Transcranial alternating current stimulation
Transcranial alternating current stimulation (tACS) is a noninvasive means by which alternating currents applied through the skull over the occipital cortex of the brain entrains in a frequency-specific fashion the neural oscillations of the underlying brain.
Two electrodes are used: a stimulating one over the target cortex, and a reference one elsewhere, such as on the top of the head or on the neck. The size of the stimulation electrode is around 3 x 4 cm and the reference electrode has three times the surface area so as to reduce current density and limit stimulating the skin. They are held in place by elastic bands, and the hair and skin are saturated with saline solution for about 5–10 minutes. There is an initial sensation on the scalp but, after the initial few minutes, this fades.
Transcranial alternating current stimulation applied over the visual cortex produces its effects depending upon frequency and illumination levels. When applied in an illuminated room, it induces most effectively the perception of continuously flickering light (phosphenes) with frequencies in the beta wave. But when in the dark such perception of flickering lights is most effective when the stimulation frequency when done in alpha wave range. The phosphenes are reported to be seen in the far peripheral areas of vision. This suggests that tACS stimulates the anterior part of the visual cortex on its medial wall where the peripheral areas of the visual field are processed. The reason for this could be that the current flows mostly in the cerebrospinal fluid between the two cerebral hemispheres and enters the cerebral cortex from the forward part of the visual cortex.
No effects are produced by current alternations at the theta wave or gamma wave frequencies. These experiments make tACS a potentially interesting tool to investigate the causal role of oscillatory synchrony in cortical processing. But the claim that tACS phosphenes originate in the visual cortex has been disputed; the alternative claim is that current spread from the occipital electrode evokes phosphenes in the retina.The frequency dependence of the phosphene strength can also be explained by retinal ganglion cell dynamics. Hence experiments involving tACS applied at the visual cortex needs appropriate control studies to rule out the retinal interference.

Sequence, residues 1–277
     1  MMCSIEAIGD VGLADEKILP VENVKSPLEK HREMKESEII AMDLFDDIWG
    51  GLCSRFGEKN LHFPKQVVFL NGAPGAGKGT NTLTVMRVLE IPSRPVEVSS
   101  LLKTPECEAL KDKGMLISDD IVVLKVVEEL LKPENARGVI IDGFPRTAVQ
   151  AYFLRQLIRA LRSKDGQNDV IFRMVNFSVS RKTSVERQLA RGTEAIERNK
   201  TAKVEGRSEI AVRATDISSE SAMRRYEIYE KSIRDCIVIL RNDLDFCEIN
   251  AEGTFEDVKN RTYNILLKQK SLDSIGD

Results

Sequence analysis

Transcranial alternating current stimulation applied over the motor cortex on one side brain at beta wave frequencies entrains activity in this range and increases the coherence between scalp-recorded electroencephalography (EEG) and electromyographic (EMG) activity in the first dorsal interosseous muscle of the opposite hand when it is held steady on a joystick. The brain waves led muscle EMG by 41.6 ms suggesting that the synchronization with muscle activity is caused by the brain. There is also a small but significant slowing of the reaction time when a person moves the joystick to a target.
Transcranial alternating current stimulation can modulate the ongoing rhythmic brain activity. Stimulation in the individual alpha frequency range elevates the endogenous EEG alpha band power.
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